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Over the past two years, I've been collaborating with a PhD student. He did experimental work, and I did modeling and data analysis based on his experiments. Now that my colleague is about to write up his PhD thesis, in which way can he ethically include the modeling and data analysis results in his thesis?

I don't need any of these results for a thesis on my own, and we are currently writing a paper on this together, so there are no worries from my side about misuse of these results.

There is the related question Are overlapping dissertations ethically acceptable?, but I am more explicitly asking about how my colleague can present the results which are more based on my work in a good way.

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I think this is indeed a duplicate of Are overlapping dissertations ethically acceptable?, because the answers there, do answer your question very well. –  EnergyNumbers Jan 29 '13 at 22:11
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@EnergyNumbers I'm not sure: the first answer says “it's okay to do it”, the second one is not exactly helpful, the third one is about division of contributions (which is trivial if A did experimental work and B did modeling). So, I think the question is different here (and silvado is aware of the linked question, and asks for explicit writing advice which is not treated in the linked question). –  F'x Jan 29 '13 at 22:24

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up vote 12 down vote accepted

Don't worry, be happy (and be truthful). There's nothing wrong in including in one's thesis stuff that you didn't do yourself, as long as the delimitation between what the candidate did and what others did is clearly marked. And by that, I mean no lies, but also no half-truths either.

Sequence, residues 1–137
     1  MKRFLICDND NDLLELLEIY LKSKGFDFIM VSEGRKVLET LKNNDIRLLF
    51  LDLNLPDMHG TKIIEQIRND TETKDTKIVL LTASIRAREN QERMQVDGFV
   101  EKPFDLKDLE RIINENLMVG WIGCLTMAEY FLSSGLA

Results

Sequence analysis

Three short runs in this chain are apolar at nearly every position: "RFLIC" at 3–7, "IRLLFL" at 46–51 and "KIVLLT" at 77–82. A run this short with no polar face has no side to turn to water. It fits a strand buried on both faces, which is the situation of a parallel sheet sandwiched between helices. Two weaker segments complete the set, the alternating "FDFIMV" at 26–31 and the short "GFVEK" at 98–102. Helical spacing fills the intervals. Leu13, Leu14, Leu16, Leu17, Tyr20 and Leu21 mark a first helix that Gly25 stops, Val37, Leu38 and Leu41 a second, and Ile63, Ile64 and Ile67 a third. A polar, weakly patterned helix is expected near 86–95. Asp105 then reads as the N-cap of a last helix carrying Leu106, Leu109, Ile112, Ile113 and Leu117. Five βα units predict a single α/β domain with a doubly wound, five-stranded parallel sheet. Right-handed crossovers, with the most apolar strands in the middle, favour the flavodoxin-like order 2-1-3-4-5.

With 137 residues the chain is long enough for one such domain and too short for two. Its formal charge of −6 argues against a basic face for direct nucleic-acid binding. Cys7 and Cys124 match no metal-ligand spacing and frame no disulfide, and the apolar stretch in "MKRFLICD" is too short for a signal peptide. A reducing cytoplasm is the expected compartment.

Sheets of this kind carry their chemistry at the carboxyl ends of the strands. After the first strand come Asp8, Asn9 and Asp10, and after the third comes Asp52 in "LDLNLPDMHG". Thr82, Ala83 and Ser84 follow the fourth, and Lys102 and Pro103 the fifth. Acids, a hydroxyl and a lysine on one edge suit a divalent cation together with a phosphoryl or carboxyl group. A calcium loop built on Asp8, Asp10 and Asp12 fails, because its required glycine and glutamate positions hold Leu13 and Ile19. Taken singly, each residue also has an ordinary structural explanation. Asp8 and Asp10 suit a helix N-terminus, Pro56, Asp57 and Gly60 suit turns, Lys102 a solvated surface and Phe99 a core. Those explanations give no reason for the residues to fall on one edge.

Basically, the presentation will thus depend on the interaction between you two and his part in the analysis (which ranges from “nothing” to “he suggested ideas that I tried” to “he ran my code himself”). In the first case, he could say:

As part of project X, I sent these results to Dr. John Doe at Big U. for him to perform his widely acclaimed topological Bayesian half-filter analysis. This analysis revealed that …

There's nothing wrong with presenting results obtained by others from your work, as long as they shed light into the phenomenon you're studying. I once had a student who published a work, which was built upon by another group during his PhD, and he presented this at some length (and critiqued their extension) in his thesis. That's part of the whole story.

If the collaboration was closer, just make sure the thesis clearly indicates its nature and the contribution of everyone. Then, no fuss!

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F'x's answer is good. I would just add that your collaborator should check his institution's thesis guidelines. Mine had specific directions on how joint work should be included in the thesis, such as an extra paragraph explaining who did what part of the work.

Of course, your collaborator's advisor should also be in the loop.

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+1 It's always good to be clear. In my field, this is simple: our results are theorems, so you can basically with each of them list, who did what. Well, if it's too complicated, the best idea would be IMHO to include an explanatory section in your thesis, stating which part precisely is your work. –  tohecz Feb 5 at 22:46

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